On May 7, Caesars announced the sale of its Harrah’s St. Louis casino to Wyomissing, Pennsylvania-based Penn National Gaming Inc. (PENN:US) for $610 million. The company will use the proceeds for its share of new casinos and its online gaming business, Loveman said.
In addition to the Ohio properties, Caesars is pursuing a casino license in Baltimore with Rock Gaming. The company is also seeking a license in East Boston, Massachusetts, with horse track operator Suffolk Downs, controlled by developer Richard Fields and catering business owner Joe O’Donnell. The company is also building a shopping mall and Ferris wheel attraction in Las Vegas.
Gilbert, majority owner of the Cleveland Cavaliers basketball team, co-sponsored the 2009 ballot measure that legalized casino gambling in Ohio. The Detroit native is investing hundreds of millions of dollars to spark downtown revivals in Cleveland, Cincinnati and his hometown, according to Matthew Cullen, a former General Motors Co. (GM:US) real estate executive who serves as president of Rock Gaming.
The Cleveland project involved renovating the historic Higbee department store. It will include pedestrian-friendly features such as windows to the outside, an easily accessible entrance, and later, street-level restaurants, Cullen said.
It is modeled after Harrah’s New Orleans, which after disappointing results and bankruptcy built an adjacent hotel, added outdoor restaurants and closed off a street, Cullen said. Based on that property, he said, “We identified them as a partner.”
Gilbert’s group bought a $60.8 million stake in Caesars’ online gambling business in April and separately acquired an interest in Turfway Park, a horse track in Florence, Kentucky, co-owned by Caesars.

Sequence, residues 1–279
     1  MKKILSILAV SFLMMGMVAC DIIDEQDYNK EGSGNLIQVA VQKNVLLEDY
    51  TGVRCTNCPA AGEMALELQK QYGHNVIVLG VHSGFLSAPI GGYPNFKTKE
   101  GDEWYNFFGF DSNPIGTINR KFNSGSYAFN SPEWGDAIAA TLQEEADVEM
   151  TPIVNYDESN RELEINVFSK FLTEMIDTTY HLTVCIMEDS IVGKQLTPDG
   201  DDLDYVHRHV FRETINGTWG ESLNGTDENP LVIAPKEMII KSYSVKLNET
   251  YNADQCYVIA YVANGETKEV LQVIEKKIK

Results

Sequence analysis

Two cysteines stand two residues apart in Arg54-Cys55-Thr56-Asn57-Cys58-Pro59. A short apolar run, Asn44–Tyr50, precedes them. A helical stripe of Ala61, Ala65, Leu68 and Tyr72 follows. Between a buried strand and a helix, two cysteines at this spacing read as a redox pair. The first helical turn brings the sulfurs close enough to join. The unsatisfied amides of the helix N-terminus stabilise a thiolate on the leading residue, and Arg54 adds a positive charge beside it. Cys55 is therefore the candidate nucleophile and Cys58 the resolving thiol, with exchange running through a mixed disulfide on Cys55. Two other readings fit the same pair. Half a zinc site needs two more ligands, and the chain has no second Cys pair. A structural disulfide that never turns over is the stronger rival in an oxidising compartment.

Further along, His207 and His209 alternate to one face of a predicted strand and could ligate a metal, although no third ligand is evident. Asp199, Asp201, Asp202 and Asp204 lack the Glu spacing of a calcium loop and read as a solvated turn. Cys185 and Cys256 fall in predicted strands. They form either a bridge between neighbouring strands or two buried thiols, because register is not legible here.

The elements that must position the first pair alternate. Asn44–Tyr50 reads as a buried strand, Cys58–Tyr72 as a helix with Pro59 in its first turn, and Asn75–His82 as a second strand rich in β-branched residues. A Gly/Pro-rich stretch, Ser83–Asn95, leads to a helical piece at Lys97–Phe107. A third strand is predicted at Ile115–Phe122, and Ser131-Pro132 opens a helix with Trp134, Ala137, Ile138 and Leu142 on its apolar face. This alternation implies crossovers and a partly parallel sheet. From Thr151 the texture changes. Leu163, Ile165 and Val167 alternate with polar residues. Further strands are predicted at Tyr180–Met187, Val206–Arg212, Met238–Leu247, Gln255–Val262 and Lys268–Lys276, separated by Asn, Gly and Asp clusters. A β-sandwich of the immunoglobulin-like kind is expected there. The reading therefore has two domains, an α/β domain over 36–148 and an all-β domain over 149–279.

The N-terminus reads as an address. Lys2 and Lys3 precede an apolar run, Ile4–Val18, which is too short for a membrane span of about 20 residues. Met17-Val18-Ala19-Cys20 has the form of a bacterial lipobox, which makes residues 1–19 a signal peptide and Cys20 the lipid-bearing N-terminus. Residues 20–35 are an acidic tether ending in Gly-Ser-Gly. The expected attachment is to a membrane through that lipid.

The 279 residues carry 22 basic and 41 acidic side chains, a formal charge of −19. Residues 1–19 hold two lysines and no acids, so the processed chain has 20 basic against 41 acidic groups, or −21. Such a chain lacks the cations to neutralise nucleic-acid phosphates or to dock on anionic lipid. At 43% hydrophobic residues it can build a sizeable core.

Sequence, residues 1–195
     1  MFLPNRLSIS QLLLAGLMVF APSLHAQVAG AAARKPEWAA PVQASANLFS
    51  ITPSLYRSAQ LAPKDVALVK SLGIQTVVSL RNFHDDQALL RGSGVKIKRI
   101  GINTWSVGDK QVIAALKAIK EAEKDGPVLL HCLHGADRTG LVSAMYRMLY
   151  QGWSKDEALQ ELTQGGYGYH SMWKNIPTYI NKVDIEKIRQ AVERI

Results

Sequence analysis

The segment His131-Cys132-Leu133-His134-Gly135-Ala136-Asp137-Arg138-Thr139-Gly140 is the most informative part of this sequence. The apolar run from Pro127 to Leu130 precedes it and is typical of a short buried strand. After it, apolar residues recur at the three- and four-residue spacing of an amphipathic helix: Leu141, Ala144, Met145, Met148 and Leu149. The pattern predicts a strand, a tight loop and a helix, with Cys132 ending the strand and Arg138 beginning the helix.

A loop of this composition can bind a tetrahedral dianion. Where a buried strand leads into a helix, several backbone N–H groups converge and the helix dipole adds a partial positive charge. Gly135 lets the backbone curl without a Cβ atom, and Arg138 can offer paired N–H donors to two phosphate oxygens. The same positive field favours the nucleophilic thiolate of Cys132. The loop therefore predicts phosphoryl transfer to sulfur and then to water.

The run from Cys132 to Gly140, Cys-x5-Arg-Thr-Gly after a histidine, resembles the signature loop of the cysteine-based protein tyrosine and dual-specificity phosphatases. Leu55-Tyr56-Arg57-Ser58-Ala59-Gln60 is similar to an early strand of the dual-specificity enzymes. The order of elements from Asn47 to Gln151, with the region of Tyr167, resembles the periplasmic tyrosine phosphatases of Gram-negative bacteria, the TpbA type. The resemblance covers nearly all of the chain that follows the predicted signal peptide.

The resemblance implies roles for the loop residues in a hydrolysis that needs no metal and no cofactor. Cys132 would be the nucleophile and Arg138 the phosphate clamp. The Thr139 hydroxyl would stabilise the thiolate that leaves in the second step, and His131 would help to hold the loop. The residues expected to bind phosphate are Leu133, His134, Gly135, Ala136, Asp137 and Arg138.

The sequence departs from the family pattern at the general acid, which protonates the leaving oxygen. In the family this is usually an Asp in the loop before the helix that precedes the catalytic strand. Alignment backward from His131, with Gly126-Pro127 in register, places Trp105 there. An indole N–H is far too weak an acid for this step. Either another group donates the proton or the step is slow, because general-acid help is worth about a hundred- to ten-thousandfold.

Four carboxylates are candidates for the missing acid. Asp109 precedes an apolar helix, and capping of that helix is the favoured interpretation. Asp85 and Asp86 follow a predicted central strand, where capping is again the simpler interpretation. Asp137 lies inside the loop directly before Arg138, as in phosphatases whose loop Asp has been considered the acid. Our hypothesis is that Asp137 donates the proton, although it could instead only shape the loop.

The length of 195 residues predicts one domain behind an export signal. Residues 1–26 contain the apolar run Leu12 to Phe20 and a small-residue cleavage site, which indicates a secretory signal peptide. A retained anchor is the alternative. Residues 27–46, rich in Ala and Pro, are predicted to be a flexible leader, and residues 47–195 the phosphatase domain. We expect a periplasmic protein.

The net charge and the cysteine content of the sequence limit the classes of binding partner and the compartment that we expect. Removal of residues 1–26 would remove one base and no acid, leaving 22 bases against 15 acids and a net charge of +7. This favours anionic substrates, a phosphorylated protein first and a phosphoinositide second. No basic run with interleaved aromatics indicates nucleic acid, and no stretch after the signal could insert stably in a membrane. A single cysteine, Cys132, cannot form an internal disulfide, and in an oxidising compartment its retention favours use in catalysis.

The Cleveland project allows Caesars to take part in the city’s renaissance, Loveman said. He said the company will make use of its loyalty programs targeting hundreds of thousands of Ohio residents, and gain the expertise of a local developer.
“I think having a partner on the capital side of these businesses makes sense,” Loveman said in the interview. “We have to grow our way out of this. The business cannot de-lever simply by paying down enough debt over time. We can’t shrink our way to a better balance sheet.”
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To contact the editor responsible for this story: Anthony Palazzo at email@example.comPeople are reflected in the window of the new Horseshoe Casino in Cleveland. Photographer: Amy Sancetta/The Associated Press May 14 (Bloomberg) Gary Loveman, chief executive officer of Caesars Entertainment Corp., talks about the company's stake in the Horseshoe Casino Cleveland. He speaks with Stephanie Ruhle on Bloomberg Television's "In the Loop." (Source: Bloomberg) May 14 (Bloomberg) -- Gary Loveman, Caesars Entertainment CEO, talks with Bloomberg's Stephanie Ruhle about the company's big bet in bringing a casino to the city of Cleveland and plans for expansion across the United States. They speak on Bloomberg Television's "Inside Track." (Source: Bloomberg)